September 23, 2020

The Editor Speaks: Can the claims of a disgraced cop be taken seriously from his widow?


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Colin WilsonwebFormer Royal Cayman Islands Police Service police officer Raphael Williams was in disgrace because of allegations of attempting to illicit sexual favours from a woman after a routine traffic stop.

He sadly committed suicide by hanging himself from a tree. His body was found off Colliers Wilderness Drive in East End, days after he was arrested on suspicion of blackmail and breach of trust.

At the inquest last Wednesday (10) it was stated by the police they found intimate photographs on his cell phone, one was believed to be of a girl aged between 12 -14 although under cross-examination the police officer aid he could not be 100% sure the girl was below the age of 18.

Did Williams hang himself because he was so ashamed he couldn’t face up to the guilt? Or was it another reason.

His poor wife thinks so and she told the Coroner’s Court the last words her husband said to her. If only a small % are true it is very alarming and should certainly warrant some form of investigation from OUTSIDE the police.

, the deceased’s wife said:

  1. The complainant against her husband was a friend of another police officer who disliked him following a badge number mix up when both men joined the police service.
  2. The allegations made against him were false because some people wanted rid of him because he had issued traffic tickets to people who were friendly with the Commissioner.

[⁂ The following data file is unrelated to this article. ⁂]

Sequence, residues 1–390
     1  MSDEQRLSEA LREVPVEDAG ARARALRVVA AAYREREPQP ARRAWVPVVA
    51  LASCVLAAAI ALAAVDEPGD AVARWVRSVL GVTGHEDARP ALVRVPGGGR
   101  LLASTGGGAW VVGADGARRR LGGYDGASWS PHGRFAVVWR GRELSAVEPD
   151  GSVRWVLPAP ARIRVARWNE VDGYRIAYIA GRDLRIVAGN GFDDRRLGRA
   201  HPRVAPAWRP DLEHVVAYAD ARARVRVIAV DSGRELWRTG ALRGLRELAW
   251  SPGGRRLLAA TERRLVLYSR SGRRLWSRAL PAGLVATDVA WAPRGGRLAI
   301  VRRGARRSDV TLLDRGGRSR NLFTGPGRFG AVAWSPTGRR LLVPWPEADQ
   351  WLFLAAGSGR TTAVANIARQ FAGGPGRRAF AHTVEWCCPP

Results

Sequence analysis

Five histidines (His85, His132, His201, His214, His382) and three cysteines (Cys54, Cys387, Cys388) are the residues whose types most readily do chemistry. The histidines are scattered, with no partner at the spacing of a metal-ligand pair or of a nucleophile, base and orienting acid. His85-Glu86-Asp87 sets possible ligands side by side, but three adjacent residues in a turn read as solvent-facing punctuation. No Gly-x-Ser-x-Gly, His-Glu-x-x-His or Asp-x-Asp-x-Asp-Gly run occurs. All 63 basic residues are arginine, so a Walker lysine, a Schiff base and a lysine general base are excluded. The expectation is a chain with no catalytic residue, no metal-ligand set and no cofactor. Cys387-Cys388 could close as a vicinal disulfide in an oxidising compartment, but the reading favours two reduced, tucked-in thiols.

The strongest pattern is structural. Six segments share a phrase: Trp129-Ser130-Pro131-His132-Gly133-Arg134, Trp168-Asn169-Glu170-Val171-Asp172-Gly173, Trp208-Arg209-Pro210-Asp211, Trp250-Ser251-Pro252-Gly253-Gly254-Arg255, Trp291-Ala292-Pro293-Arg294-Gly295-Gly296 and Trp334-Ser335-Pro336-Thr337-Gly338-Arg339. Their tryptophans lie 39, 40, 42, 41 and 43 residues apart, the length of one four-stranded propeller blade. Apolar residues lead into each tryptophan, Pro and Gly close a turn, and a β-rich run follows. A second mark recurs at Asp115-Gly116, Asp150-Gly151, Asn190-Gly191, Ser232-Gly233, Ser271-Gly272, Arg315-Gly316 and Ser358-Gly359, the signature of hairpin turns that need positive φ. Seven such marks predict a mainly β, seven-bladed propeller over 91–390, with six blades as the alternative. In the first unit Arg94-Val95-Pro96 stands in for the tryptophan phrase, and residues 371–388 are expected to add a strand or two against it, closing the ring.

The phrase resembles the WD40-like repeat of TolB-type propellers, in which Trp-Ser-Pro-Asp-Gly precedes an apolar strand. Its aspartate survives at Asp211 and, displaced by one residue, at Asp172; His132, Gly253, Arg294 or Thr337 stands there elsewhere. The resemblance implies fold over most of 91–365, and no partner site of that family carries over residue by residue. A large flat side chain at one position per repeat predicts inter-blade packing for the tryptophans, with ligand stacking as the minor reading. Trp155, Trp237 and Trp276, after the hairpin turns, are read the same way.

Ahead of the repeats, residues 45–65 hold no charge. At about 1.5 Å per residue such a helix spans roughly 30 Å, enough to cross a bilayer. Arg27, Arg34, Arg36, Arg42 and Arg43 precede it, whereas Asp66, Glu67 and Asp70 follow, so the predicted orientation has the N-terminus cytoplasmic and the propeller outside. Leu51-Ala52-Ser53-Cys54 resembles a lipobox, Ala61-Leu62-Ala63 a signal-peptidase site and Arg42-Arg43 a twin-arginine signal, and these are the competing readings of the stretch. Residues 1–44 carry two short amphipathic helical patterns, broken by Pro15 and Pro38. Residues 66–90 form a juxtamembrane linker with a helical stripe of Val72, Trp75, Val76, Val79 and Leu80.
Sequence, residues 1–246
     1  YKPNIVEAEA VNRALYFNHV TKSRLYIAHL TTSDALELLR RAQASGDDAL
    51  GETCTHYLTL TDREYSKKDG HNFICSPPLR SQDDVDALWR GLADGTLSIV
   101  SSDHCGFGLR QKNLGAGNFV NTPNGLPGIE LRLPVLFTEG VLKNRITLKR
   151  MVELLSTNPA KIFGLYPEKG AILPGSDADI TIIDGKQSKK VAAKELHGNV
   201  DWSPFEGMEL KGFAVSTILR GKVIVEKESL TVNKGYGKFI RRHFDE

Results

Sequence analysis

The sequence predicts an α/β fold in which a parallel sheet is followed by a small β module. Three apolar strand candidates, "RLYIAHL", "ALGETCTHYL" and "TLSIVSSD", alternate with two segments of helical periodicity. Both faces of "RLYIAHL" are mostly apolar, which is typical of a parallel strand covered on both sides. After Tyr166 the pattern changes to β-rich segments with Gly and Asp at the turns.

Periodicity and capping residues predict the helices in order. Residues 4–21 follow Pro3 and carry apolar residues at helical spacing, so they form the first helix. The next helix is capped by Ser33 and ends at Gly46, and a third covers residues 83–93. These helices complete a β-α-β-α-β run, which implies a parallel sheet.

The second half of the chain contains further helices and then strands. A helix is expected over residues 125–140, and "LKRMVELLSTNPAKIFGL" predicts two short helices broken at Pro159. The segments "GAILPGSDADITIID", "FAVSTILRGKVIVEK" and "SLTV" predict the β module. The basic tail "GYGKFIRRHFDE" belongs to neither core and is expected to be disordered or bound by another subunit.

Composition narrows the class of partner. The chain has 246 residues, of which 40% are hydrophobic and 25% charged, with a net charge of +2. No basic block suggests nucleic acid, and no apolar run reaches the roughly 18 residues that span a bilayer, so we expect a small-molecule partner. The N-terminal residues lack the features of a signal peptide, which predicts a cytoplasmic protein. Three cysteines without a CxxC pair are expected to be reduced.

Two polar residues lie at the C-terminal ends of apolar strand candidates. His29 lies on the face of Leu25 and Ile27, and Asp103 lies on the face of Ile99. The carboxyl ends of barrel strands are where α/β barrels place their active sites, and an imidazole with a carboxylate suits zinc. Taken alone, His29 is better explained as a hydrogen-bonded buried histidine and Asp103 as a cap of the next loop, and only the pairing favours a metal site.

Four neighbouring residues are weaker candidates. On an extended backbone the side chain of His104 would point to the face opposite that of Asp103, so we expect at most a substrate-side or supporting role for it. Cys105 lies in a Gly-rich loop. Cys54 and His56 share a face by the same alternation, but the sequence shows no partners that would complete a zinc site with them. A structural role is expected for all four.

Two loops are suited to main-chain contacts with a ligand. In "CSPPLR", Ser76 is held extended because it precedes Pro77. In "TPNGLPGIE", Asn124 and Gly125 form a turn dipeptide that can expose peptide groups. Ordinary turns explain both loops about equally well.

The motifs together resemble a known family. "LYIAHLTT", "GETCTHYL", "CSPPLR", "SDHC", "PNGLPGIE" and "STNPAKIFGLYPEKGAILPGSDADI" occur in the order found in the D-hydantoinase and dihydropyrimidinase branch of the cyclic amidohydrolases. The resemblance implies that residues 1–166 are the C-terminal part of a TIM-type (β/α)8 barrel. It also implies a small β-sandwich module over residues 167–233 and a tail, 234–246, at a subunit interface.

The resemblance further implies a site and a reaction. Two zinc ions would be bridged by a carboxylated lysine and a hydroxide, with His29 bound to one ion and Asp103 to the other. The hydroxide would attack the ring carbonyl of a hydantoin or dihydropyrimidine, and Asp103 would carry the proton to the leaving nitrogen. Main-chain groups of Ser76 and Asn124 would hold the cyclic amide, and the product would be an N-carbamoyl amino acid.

3. Morale was low in the RCIPS ever since .
  4. There was entrenched discrimination between the Caribbean officers, including Caymanians, and the officers.
  5. The Caribbean officers and Caymanians were put under much more pressure and stress and whenever a Caribbean officer made a mistake, the management fully prosecuted those officers but the UK officers’ mistakes were covered up.
  6. His arrest had been executed by officers involved in Operation Tempura.
  7. He said he was badly mistreated by the Tempura officers after his arrest.
  8. He had requested being allowed to go through the back door of the George Town police station but was made to go through the front door.
  9. He was placed in the cell that had been condemned by the Commissioner and not fit for humans before his interview.
  10. It had been a hard job for her husband to obtain bail but after it had been granted when he returned to the police station to answer it he was told he now had to go to Northward the next week.
  11. He had requested lawyer Peter Polack to represent him but was told he wouldn’t be able to afford him.
  12. He was very scared at the threat he was going to Northward prison.
  13. Natalie Williams had not been allowed to view her husband’s body.

So how much of that do you believe?

The references to Operation Tempura seem to me a little far fetched as a reason for his ill treatment.

However the racial claims of preferences being given to UK police over Caribbean / Caymanian officers that work for the RCIPS I have heard echoed before.

And being placed in a condemned police cell actually adds some support to his allegations IF there was another available cell.

A man is not guilty until proved.

And the covering up of mistakes by UK officers being covered up whilst the ones committed by Caribbean’s is another one I have heard before.

I cannot conceivably believe a fabrication of the charges against PC Williams was because of a badge number mix up from a fellow officer who disliked him.

And then there are all those cell phone photos…….. someone really would have to dislike him to fabricate those?

However, did anyone try and discover who the photograph of the young girl believed to be under 18 was?

So how seriously should we take any of the claims?

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